Illustrations: Bull. Mus. Hist. Nat. Paris 4: 101; Bull. Soc. Acclim. 52: f. 11; Möllers Deutsche Gärt. Zeit. 25: 474. f. 10, as Echinocactus peninsulae.
Figure 140 shows the spines of a specimen in the Engelmann herbarium collected by William M. Gabb in Lower California.
14. Ferocactus rectispinus (Engelmann).
Echinocactus emoryi rectispinus Engelmann in Coulter, Contr. U. S. Nat. Herb. 3: 362. 1896.
Echinocactus rectispinus Britton and Rose, Journ. N. V. Bot. Gard. 12: 269. 1911.
Globose to cylindric, 1 to 2 meters high; radial spines 8 to 12, the three tipper spines stouter and sometimes curved; central spine one, 9 to 13 cm. long (not 30 to 32 cm. long), rather slender, nearly straight, never hooked; flowers 6 cm. long, yellowish; scales on ovary rounded, thin-margined, sometimes ciliate, naked in the axils; inner perianth-segments lemon-yellow, lanceolate, 5 cm. long, acuminate.
Type locality: Vicinity of Muleje, Lower California.
Distribution: Central Lower California.
This species was described as a variety of Echinocactus emoryi (i. e. Ferocactus covillei) by Dr. Coulter, but it seems distinct, especially in its spines.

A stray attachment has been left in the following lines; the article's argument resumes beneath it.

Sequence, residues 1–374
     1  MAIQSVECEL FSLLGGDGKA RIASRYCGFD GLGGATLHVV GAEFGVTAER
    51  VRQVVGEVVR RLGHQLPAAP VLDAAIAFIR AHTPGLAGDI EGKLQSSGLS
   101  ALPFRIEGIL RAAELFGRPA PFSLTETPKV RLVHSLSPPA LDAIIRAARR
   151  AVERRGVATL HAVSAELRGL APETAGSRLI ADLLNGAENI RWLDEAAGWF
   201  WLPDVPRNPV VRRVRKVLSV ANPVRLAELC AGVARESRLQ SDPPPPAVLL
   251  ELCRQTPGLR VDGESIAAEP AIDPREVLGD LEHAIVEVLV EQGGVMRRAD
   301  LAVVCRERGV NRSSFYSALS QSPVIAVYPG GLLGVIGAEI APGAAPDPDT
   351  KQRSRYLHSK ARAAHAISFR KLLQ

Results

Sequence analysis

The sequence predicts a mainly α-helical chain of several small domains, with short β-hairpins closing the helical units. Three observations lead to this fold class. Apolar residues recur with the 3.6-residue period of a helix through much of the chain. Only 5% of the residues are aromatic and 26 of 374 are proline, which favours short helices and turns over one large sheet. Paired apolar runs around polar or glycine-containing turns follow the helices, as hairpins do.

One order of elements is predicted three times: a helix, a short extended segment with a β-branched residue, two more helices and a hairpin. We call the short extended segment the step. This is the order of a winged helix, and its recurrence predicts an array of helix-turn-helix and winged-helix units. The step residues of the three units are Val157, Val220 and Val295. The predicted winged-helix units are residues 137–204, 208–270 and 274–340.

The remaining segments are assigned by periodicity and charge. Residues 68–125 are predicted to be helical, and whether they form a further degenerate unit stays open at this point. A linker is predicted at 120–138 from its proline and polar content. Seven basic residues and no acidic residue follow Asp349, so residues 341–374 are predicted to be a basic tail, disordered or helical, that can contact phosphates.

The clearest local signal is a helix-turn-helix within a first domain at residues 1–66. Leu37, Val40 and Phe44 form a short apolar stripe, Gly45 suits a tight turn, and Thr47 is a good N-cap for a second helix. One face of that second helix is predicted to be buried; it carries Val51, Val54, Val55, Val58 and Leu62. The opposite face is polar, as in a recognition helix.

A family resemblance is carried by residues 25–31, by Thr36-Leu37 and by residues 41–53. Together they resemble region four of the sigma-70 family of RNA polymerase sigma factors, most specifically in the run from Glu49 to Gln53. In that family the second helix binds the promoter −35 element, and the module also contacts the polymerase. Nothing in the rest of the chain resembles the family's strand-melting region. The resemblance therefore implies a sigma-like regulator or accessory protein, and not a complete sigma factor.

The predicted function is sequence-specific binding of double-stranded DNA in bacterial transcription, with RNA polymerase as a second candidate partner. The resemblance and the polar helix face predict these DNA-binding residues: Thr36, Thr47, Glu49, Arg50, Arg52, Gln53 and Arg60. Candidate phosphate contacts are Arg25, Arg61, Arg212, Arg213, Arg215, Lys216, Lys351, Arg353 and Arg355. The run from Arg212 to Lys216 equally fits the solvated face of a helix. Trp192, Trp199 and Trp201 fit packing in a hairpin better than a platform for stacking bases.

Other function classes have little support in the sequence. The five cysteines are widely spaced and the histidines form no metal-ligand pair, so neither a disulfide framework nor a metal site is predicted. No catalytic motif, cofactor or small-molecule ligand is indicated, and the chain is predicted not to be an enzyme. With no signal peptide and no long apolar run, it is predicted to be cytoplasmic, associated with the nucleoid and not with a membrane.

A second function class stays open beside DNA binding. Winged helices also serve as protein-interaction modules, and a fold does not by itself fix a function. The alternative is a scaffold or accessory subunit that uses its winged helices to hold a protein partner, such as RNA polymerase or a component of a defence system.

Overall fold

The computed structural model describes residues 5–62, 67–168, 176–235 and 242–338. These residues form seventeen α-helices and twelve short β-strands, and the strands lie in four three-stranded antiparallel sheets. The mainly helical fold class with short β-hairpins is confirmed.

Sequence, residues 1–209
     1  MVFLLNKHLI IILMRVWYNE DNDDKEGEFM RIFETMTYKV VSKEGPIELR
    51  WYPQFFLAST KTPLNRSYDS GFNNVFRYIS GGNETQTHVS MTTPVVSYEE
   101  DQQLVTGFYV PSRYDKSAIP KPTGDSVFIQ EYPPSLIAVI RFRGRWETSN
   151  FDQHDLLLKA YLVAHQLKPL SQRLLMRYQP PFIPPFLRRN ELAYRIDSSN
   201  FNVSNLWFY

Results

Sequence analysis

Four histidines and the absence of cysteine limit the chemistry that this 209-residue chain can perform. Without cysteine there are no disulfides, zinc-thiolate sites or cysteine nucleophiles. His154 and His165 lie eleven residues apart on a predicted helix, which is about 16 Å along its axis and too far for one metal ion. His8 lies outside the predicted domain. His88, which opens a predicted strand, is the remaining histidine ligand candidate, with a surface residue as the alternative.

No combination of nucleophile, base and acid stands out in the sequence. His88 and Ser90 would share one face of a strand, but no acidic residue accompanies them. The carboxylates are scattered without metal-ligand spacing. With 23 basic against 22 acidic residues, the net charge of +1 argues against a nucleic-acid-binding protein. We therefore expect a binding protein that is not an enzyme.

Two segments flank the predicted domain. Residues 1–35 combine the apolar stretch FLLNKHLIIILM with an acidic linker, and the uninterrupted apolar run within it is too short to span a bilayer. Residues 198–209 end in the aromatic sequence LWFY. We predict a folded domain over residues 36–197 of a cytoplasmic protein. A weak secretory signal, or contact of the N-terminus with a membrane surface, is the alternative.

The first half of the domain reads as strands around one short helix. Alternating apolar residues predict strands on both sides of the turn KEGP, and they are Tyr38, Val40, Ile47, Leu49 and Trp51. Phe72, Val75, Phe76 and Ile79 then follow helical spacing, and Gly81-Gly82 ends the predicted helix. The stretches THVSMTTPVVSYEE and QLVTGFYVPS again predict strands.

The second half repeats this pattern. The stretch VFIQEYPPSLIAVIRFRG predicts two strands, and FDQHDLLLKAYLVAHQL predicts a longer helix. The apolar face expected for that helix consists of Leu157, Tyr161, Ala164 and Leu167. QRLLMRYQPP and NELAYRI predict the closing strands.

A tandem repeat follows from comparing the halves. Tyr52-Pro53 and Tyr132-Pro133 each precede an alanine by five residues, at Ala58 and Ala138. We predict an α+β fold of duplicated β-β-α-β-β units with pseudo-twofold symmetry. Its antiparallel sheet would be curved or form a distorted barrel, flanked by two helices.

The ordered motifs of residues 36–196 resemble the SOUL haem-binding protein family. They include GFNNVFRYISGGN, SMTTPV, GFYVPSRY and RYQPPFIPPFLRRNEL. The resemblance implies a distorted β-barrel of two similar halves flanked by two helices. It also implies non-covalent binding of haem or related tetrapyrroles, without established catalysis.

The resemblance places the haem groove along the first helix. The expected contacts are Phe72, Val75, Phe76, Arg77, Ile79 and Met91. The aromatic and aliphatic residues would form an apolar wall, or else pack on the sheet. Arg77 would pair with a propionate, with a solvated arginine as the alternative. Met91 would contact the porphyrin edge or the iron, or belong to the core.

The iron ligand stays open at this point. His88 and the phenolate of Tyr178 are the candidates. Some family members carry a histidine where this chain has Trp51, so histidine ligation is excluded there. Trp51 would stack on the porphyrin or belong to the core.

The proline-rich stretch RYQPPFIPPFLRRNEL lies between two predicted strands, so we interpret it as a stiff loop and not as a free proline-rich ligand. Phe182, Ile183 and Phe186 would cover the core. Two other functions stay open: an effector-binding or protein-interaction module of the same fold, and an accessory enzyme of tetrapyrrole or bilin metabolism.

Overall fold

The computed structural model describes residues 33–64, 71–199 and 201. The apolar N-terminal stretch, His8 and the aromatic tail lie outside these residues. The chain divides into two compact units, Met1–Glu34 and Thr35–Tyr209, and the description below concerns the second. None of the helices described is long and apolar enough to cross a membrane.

Mr. C. H. Thompson in Bailey's Cyclopedia of American Horticulture assigned it to the southern United States, but this is erroneous.
The type is Gabb's No. 12, from Lower California. It consists of two clusters of spines and is now deposited in the herbarium of the Missouri Botanical Garden.
Palmer's specimen from Sonora, referred here by Coulter, may be F. wislizeni.
Illustrations: Cycl. Amer. Hort. Bailey 2: 513. f. 745, as Echinocactus emoryi rectispinus; Stand. Cycl. Hort. Bailey 2: f. 1372, as Echinocactus rectispinus.
Plate xiv, figure 2, shows the flowering top of a plant sent by Dr. Rose from the head of Concepción Bay, Lower California, to the New York Botanical Garden in 1911. Figure 142 is from a photograph of the type specimen obtained by William M. Gabb in 1867 (No. 12).
15. Ferocactus orcuttii (Engelmann).
Echinocactus orcuttii Engelmann, West Amer. Sci. 2: 46. 1886.
Single, or cespitose in clusters of 15 to 20 stems, 6 to 13 dm. high, 2.5 to 4.5 dm. in diameter; ribs 13 to 30, somewhat spiraled, obtuse, somewhat tuberculate; areoles approximate; spines reddish, straight or simply curved, all annulate, angled or flat; radial spines 9 to 13, spreading; central spines 4, stouter than the radials; flower 3 to cm. long, dull crimson; perianth-segments short-oblong, rounded at apex with a more or less erose-margin; scales on the ovary orbicular, small; stigma-lobes 16 to 20, green; fruit described as pulpy, crimson, scaly; seeds numerous, small.
Type locality: Palm Valley, Lower California.